Volunteers needed for 7th annual PB graffiti cleanup
Apr 30, 2014 | 1934 views | 0 0 comments | 10 10 recommendations | email to a friend | print
Photo by Don Balch
Photo by Don Balch
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It’s a spring-cleaning ritual in Pacific Beach.

The Pacific Beach Town Council and PB Presbyterian Church are once again coordinating a graffiti clean-up event, and organizers are looking for volunteers to help. The event is slated for Saturday, May 3 from 9 a.m. until noon at PB Presbyterian Church, located at 1675 Garnet Ave.

“We’ll have all the material to really clean up the community,” said Adam Meyer, viice president of the PB Town Council and a member of the committee organizing the event.

“All we need are the people,” he said. “ Last year, we had 75 volunteers, and we wiped out 1,042 graffiti ‘tags’ in just one day.”

Pacific Beach Presbyterian Church began hosting this annual Graffiti Clean-Up Day event in 2007, led by Elder Larry Jeffrey, according to committee member Steve Ritz.

When volunteers arrive at the church, each team will get a bucket full of supplies to remove paint, stickers and marking-pen ink.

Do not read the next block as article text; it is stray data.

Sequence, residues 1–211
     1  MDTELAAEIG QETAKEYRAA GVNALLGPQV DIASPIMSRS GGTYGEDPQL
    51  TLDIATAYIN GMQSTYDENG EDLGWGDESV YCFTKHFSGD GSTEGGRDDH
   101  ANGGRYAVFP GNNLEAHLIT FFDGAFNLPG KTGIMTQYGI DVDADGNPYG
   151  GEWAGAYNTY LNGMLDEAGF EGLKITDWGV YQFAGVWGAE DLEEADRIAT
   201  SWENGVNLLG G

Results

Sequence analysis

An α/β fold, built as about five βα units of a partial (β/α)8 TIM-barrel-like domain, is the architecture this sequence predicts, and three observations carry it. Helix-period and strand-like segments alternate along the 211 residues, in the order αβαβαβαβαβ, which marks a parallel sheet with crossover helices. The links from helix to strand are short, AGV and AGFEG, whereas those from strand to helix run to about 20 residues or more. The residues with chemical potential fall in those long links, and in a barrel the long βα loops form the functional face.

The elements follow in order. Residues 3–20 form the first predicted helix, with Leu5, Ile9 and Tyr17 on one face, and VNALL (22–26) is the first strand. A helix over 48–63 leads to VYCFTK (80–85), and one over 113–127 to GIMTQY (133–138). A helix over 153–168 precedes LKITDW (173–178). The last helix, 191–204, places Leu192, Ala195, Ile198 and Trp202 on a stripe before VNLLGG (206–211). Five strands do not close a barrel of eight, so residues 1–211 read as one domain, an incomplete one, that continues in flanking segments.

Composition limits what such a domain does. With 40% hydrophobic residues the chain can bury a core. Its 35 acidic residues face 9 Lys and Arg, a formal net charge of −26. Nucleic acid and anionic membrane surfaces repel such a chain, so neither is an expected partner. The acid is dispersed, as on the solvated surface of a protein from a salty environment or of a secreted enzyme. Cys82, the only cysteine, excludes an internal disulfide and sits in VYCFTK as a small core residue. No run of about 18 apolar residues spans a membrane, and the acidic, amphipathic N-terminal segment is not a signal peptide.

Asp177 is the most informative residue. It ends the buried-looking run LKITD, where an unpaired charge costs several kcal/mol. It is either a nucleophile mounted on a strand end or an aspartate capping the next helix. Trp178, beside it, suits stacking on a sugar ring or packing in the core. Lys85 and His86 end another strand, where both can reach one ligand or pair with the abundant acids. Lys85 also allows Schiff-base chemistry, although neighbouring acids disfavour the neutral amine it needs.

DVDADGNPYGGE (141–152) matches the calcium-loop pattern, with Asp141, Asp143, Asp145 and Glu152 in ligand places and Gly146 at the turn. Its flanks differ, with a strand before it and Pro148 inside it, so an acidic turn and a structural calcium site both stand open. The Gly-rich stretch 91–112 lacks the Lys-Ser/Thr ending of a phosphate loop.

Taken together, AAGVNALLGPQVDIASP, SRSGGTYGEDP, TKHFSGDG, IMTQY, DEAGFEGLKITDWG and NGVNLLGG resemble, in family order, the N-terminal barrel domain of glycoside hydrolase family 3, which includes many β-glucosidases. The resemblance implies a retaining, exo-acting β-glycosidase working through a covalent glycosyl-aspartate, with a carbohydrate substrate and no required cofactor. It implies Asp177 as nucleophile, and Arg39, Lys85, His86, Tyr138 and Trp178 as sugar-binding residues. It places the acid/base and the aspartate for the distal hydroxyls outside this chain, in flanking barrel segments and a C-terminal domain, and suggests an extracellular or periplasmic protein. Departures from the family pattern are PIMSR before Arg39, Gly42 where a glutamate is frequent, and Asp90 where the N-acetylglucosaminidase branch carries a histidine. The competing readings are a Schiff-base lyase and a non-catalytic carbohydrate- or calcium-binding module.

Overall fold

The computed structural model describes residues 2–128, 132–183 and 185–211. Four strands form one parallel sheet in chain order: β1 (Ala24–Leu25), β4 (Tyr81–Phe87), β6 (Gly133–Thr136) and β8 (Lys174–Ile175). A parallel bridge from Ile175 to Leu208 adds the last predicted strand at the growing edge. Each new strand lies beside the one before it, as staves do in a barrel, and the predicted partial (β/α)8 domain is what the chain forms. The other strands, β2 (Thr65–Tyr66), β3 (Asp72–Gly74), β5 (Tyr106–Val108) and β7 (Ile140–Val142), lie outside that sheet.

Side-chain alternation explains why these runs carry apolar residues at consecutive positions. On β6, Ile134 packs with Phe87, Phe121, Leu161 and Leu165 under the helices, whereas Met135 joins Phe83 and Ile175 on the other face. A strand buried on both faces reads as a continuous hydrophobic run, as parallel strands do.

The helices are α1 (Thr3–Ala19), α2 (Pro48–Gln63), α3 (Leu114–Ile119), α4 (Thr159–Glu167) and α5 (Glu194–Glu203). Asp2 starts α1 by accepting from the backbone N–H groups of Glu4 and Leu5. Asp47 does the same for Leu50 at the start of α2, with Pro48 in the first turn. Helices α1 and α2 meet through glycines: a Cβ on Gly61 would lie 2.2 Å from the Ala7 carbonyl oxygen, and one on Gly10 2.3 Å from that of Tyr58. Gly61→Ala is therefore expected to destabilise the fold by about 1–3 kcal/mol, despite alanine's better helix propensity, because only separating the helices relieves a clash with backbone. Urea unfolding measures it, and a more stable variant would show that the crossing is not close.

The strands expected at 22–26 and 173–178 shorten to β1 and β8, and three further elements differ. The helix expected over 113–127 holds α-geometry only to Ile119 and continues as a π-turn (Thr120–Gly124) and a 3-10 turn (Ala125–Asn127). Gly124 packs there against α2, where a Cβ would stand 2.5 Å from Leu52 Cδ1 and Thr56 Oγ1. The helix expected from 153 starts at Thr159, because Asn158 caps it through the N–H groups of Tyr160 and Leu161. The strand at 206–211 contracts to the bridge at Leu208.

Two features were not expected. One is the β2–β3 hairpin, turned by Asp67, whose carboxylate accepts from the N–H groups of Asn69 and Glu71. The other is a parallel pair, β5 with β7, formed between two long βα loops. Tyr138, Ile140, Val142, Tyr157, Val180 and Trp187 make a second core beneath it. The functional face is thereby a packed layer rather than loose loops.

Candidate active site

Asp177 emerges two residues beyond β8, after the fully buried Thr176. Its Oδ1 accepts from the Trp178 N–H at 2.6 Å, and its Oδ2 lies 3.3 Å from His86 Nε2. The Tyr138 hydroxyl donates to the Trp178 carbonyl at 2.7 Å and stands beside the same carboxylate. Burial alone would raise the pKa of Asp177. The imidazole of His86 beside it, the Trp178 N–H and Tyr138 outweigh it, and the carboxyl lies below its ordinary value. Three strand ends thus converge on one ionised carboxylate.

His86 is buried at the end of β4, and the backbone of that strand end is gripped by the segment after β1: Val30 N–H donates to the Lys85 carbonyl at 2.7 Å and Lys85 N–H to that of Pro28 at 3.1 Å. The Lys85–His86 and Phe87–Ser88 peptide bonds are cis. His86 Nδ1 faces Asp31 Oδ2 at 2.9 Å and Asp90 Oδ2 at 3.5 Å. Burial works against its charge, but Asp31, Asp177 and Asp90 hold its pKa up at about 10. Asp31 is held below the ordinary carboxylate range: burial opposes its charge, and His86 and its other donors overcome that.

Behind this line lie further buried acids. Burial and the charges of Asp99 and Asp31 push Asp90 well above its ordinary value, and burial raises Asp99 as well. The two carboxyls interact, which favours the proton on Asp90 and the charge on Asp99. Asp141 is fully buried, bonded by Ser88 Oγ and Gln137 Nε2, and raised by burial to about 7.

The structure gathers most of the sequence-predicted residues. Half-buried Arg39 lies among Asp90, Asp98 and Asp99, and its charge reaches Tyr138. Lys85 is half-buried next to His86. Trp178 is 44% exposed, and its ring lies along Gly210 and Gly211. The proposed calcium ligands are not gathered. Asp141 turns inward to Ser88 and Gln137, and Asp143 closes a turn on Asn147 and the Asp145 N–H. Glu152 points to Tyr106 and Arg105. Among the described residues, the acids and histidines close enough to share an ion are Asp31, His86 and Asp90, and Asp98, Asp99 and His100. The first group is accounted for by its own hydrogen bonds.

Each volunteer will also be given gloves, goggles and towels before being assigned a specific zone to attack.

“We don’t just hand someone a bucket and send them out in search of graffiti,” said Jim Menders, another member of the planning committee. “We split up PB into 16 zones. For the past few weeks, volunteers have been surveying the community, taking note of graffiti that needs to be cleaned up. Every team gets a map of their zone, showing where there’s work to be done.”

“Getting rid of graffiti isn’t just a matter of pride,” said Marcie Beckett, another PB Town Council member. “Research shows that when the appearance of a neighborhood improves, the behavior of people improves, too. For example, when there’s less graffiti, there’s less litter, as well.

Students who help can earn community-service hours. However, Beckett says there are also long-term benefits when young people get involved.

“They learn how graffiti affects their neighborhood, and they take pride in how their neighborhood looks,” Beckett said. “That feeling of connection with their community means they’re less likely to litter or do any tagging themselves.”

Waivers for those under the age of 18 will need to be signed by a parent and can be found at www.pbtowncouncil.org.

Volunteers should wear close-toed shoes and old clothes, because they might get a few paint spots on them.
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